skip navigation


Register for Latest Research

Stay Informed
Register with NCJRS to receive NCJRS's biweekly e-newsletter JUSTINFO and additional periodic emails from NCJRS and the NCJRS federal sponsors that highlight the latest research published or sponsored by the Office of Justice Programs.

NCJRS Abstract

The document referenced below is part of the NCJRS Virtual Library collection. To conduct further searches of the collection, visit the Virtual Library. See the Obtain Documents page for direction on how to access resources online, via mail, through interlibrary loans, or in a local library.


NCJ Number: 166014 Find in a Library
Title: Hidden Aspects of Child Maltreatment
Journal: Child Abuse Review  Volume:6  Issue:1  Dated:(March 1997)  Pages:1-3
Author(s): K Browne; M Lynch
Date Published: 1997
Page Count: 3
Type: Report (Technical Assistance)
Format: Article
Language: English
Country: United Kingdom
Annotation: Hidden aspects of child abuse covered in this issue of the Child Abuse Review include the inadequate understanding of child sexual abuse and the emotional abuse and neglect experienced by children with alcoholic parents.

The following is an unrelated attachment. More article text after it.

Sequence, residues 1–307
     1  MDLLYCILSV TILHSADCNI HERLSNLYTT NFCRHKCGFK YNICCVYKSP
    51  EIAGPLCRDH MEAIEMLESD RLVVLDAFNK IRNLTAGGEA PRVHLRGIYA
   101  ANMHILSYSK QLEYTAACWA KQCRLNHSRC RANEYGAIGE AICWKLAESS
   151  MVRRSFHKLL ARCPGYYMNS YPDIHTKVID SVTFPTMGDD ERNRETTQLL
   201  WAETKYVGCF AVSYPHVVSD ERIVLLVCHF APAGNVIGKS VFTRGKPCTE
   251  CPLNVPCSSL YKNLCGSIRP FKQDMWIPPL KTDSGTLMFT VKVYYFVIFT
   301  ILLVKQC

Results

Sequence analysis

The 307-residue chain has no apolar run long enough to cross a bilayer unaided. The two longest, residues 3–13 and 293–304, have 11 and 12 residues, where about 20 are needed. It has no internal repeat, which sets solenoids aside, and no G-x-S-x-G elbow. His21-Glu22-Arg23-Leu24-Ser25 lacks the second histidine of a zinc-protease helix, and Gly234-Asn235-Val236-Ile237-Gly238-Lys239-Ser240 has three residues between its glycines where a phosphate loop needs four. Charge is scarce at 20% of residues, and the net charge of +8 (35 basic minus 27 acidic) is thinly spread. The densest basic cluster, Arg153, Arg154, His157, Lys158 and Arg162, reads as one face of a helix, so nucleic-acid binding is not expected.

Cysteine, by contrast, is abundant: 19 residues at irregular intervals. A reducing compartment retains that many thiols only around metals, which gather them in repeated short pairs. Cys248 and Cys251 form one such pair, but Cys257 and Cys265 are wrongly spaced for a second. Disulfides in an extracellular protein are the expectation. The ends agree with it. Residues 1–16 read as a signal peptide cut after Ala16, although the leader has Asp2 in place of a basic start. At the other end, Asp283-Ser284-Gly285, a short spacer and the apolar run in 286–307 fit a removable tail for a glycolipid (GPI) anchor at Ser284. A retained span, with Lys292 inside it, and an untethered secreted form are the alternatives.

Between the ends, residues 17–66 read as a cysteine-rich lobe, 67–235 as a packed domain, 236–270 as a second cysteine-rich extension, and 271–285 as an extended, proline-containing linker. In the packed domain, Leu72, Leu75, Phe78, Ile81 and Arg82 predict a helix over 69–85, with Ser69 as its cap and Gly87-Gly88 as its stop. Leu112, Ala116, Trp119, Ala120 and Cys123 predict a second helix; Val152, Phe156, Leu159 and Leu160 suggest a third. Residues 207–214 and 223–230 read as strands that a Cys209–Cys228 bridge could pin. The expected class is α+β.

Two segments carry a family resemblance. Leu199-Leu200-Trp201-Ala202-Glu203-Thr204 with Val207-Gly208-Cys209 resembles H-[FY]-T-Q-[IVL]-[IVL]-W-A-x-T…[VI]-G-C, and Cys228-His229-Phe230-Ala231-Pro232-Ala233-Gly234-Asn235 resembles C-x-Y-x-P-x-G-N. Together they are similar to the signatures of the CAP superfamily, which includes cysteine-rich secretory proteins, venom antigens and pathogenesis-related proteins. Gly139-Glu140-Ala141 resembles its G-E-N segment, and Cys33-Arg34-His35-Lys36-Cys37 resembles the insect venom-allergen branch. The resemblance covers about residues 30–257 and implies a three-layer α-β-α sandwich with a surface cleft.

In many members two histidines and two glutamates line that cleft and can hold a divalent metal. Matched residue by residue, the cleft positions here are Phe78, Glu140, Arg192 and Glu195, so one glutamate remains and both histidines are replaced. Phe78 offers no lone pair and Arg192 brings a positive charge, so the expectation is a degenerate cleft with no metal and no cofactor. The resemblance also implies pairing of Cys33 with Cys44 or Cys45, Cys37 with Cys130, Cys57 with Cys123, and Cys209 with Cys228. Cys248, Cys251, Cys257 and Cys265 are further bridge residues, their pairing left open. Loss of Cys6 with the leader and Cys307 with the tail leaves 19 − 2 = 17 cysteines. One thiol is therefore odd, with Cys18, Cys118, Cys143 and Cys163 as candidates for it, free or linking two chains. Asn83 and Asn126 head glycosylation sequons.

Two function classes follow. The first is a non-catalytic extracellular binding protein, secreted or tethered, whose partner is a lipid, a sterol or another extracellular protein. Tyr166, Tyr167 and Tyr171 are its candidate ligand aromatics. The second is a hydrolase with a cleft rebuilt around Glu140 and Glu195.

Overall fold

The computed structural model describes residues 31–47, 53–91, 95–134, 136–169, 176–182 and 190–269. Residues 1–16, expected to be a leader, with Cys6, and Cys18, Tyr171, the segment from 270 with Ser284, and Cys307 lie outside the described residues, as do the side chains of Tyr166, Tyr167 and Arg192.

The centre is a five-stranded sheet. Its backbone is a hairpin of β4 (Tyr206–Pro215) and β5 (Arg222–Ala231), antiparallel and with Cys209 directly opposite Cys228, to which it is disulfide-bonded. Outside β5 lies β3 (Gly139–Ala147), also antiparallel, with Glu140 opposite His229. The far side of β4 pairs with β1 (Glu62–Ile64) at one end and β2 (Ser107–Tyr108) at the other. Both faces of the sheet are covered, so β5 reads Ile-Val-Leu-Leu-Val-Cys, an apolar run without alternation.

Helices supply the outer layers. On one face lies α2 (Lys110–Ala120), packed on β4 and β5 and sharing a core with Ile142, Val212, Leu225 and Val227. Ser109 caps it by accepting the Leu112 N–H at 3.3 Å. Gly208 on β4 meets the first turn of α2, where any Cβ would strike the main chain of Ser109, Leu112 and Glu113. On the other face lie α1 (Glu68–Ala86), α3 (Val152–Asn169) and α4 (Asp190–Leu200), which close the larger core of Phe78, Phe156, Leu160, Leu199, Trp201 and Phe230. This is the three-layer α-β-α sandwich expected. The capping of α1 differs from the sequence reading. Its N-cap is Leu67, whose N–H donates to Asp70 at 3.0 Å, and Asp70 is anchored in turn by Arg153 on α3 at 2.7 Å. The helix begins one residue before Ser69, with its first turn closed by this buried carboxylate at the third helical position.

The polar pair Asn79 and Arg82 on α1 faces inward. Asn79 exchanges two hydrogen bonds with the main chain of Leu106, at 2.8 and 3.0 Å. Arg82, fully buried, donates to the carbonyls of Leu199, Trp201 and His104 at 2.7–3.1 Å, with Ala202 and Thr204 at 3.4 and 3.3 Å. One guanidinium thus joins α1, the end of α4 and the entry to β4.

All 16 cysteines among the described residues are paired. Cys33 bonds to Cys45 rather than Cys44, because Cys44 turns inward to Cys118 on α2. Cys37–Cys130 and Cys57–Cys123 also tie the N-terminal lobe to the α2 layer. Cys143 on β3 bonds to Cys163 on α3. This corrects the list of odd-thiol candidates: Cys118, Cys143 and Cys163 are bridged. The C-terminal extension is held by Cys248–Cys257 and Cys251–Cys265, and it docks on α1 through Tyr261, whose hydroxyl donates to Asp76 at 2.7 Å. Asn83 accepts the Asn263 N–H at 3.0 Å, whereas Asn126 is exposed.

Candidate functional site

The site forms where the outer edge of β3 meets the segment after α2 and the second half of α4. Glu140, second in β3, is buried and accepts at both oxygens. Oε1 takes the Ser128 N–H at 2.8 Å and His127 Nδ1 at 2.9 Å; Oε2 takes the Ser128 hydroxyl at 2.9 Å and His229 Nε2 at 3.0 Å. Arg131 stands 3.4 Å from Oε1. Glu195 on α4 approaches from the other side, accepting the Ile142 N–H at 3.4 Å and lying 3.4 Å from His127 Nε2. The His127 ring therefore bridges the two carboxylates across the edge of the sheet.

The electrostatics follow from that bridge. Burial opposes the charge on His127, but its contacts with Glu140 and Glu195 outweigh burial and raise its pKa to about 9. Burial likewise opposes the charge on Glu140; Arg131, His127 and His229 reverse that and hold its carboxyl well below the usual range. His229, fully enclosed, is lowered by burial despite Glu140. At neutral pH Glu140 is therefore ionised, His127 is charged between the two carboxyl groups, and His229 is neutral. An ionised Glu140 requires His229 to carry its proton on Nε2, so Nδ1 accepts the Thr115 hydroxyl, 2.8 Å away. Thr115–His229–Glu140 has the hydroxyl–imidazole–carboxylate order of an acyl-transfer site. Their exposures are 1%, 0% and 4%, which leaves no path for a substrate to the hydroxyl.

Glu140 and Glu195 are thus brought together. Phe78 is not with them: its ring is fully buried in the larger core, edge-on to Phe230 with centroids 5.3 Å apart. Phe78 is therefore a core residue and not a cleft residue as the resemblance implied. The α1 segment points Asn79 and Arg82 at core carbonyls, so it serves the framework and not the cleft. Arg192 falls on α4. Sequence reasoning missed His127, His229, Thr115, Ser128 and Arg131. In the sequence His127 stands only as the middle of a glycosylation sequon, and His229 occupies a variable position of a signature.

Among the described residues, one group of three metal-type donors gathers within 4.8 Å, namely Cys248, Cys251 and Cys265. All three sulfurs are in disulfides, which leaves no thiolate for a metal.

Abstract: Taylor-Browne argues that the sexual abuse of children is still not recognized or acknowledged as a significant social problem. A common example of the way child sexual abuse is obscured is many schools' practice of educating children on how to keep themselves safe from abuse by strangers. However, approximately one-third of child sexual abuse is committed by family members living with the child and another third by family friends, acquaintances, or relatives living elsewhere. The focus on stranger danger may give children and parents a confused picture about the true nature of child sexual abuse and place some children at increased risk of being exploited by trusted individuals. Moran and colleagues note that children have difficulty in understanding even the concept of stranger danger and are vulnerable up to 10 years of age. Christensen reports that children of alcoholics are aware of their parents' problems, at first try to help stop them from drinking too much, and later become afraid to seek help on behalf of themselves or their parents. Reder and Duncan examine fatal child abuse cases and note that the families are already known to the agencies involved. Stanley and Goddard focus on repeat victimization of children. 1 reference
Main Term(s): Juvenile victims
Index Term(s): Child abuse; Child abuse detection; Child abuse prevention; Child abuse situation remedies; Crime in foreign countries; Victims in foreign countries
To cite this abstract, use the following link:

*A link to the full-text document is provided whenever possible. For documents not available online, a link to the publisher's website is provided. Tell us how you use the NCJRS Library and Abstracts Database - send us your feedback.